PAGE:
Tuesday, April 10, 2012

The Move and New Routine

This weekend we worked hard to get the new girls' area ready. J got the fence in place for a paddock and a small pasture area. At our farm "pasture" really just means room for them to move and run. We don't have grass growing in our sandy woods, so it's not for eating the grass. But they do need room to move. I love it when they get out there pronking. And, if they are in too close of quarters, it can cause increased issues with parasites.

So J worked on finishing up fencing, and finishing touches on building their shelter. I spent an afternoon painting the shelter. I found it funny how after spending a couple hours painting, I was sore! My quads still hurt a few days later. Yet I can run 7 miles and not have pain. Guess I need more work on cross training.

By Saturday evening we had enough in place to do the move. We got all the females in their current paddock, then separated out the younger ones and moved them into their new area. For that evenings feeding, J and Zack helped me get all the girls separated into the right area. First the pregnant girls.

I had a skinny pregnant area for Tehya and Sancha (each getting a cup of grain).
I had a regular pregnant area for Maddie, Jewel and Latte (each getting 1/2 a cup of grain).
I had a chubby pregnant area for Victoria and Miss Kitty (each getting 1/4 cup of grain).
That left Bay who is the one we were so concerned about her skinny self. After some debate, we separated her by herself and gave her not only extra grain, but some calf manna.

Most of the girls cooperated, but we did have to halter Maddie, Jewel and Latte to get them in the right area. It was too different from their previous routine.

For the young girls we separated them out into two areas. They all get the same ration of grain (1/2 cup) but we were concerned that the older yearling/2+ ones might be aggressive and take grain from the juvis. So we separated them by age.

Older group ~ Rose, Twilight, Mysteria and Gigi
Young group ~ Dutch, Princess and Lady Bing

Sunday morning I again had help separating out the girls. Though this time we didn't have to halter anyone. Then Sunday evening my helpers were on standby. By Monday morning it was all up to me ~ me out there at 6:30 a.m. on my own in the dark. I not only managed but all the female alpacas cooperated!!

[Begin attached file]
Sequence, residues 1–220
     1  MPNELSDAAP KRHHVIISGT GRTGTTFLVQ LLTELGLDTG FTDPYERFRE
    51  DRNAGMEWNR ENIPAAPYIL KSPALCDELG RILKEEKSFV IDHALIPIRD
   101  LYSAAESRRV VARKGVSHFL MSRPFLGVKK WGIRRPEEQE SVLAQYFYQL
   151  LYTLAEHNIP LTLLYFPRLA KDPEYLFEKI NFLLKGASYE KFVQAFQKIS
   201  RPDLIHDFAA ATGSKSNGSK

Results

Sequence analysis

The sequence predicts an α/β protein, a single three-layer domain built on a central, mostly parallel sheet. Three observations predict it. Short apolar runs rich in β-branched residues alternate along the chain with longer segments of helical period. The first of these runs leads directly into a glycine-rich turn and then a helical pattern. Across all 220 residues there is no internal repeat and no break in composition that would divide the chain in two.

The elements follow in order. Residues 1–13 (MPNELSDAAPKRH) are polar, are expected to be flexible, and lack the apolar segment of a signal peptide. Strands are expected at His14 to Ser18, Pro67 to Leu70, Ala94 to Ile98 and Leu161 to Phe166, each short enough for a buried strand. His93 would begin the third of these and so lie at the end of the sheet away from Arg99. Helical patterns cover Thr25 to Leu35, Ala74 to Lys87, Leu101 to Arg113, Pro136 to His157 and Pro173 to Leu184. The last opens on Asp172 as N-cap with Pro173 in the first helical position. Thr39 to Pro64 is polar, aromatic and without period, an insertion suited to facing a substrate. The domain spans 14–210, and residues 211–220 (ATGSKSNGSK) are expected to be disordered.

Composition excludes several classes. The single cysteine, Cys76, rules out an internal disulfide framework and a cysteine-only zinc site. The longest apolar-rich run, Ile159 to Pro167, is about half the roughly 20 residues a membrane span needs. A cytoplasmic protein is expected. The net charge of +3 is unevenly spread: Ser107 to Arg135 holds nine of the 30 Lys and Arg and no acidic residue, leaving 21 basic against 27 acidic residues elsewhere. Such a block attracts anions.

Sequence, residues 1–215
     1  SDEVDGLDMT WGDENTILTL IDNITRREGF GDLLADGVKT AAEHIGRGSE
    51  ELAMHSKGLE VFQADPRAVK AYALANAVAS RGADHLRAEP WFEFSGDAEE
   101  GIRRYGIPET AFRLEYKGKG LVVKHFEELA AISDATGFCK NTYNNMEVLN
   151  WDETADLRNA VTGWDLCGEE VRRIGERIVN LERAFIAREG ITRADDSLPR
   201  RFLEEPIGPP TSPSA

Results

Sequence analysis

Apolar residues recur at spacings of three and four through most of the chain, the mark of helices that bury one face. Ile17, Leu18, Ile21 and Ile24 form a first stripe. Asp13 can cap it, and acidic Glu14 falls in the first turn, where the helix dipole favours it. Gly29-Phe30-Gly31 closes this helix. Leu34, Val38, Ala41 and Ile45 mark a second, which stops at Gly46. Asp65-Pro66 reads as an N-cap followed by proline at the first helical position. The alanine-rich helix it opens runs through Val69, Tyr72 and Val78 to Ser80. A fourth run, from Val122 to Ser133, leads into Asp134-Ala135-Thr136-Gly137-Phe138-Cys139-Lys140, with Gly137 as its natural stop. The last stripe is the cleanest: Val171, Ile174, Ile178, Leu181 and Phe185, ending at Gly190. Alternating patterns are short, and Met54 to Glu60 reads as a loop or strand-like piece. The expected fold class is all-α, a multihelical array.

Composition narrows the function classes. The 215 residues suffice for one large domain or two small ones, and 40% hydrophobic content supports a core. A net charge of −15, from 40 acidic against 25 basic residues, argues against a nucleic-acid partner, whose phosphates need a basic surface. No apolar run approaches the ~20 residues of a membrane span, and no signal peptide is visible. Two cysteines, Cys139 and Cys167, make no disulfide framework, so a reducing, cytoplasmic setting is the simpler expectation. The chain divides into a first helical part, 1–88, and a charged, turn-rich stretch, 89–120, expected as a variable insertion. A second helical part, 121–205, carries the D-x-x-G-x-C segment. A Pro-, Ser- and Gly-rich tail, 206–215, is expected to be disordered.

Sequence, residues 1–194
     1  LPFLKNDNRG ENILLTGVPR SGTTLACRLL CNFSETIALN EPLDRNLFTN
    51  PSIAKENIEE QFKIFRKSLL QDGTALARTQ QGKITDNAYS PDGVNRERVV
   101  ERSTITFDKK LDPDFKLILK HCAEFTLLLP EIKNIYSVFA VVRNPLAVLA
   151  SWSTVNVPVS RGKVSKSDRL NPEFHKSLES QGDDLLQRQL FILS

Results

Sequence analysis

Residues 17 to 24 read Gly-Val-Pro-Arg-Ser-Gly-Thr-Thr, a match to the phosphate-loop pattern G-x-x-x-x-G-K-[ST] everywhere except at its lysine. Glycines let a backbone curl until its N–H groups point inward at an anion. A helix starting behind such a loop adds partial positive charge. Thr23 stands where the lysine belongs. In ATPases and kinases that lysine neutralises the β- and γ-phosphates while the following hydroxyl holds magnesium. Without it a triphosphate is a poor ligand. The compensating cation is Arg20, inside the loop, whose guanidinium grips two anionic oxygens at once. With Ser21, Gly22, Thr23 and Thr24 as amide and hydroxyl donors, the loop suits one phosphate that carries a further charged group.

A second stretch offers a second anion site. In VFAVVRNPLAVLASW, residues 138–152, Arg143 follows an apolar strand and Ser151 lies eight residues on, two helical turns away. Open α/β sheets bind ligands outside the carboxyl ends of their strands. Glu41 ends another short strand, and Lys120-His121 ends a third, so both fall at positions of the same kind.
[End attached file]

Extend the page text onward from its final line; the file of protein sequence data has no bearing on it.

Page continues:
We aren't done with this new area, as J still plans to add in a second small pasture for them. They don't necessarily need it, but it is nice to have different areas for them to roam and pronk.


Judi B said...

Lovely to read your blog! Life without grass sounds weird to us at the other side of the world. Whilst we often worry that there won't be enough, it looks good at the momentand I can't imagine life without it! Your Bay sounds just like one of our girls, Pegassou, great mums who give their all but the cost to them is high. Hope she continues to enjoy the extra attention you're giving her soon has to move in with the fat girls!

Debbie, Barnacre Alpacas said...

I think we all have one of those girls, mine is Mary, she always produces big cria who grow so fast she ends up losing lots of condition.

I agree with Judi, life without grass sounds very strange.

oak haven alpacas said...

I probably should add that the lack of grass isn't common in our area. Most alpaca farmers here buy a farm and they have plenty of pasture grass. We built a house in the woods, which we lived in for many years. Then we decided to become alpaca farmers (it wasn't in the plans when we built our house). Due to the current housing market, it was not possible to sell our house in the woods and buy a farm. So, we made our woods into a farm. We tried growing grass, but with such sandy soil, it's not practical. It was costing us more to try to grow than it would be to buy hay year around. So that's what we do, dry lot by feed hay year around. The alpacas roam the sandy woods, so they get exercise.

I have pasture envy! Anytime I am out driving around I see beautiful pastures... I wish and dream :)


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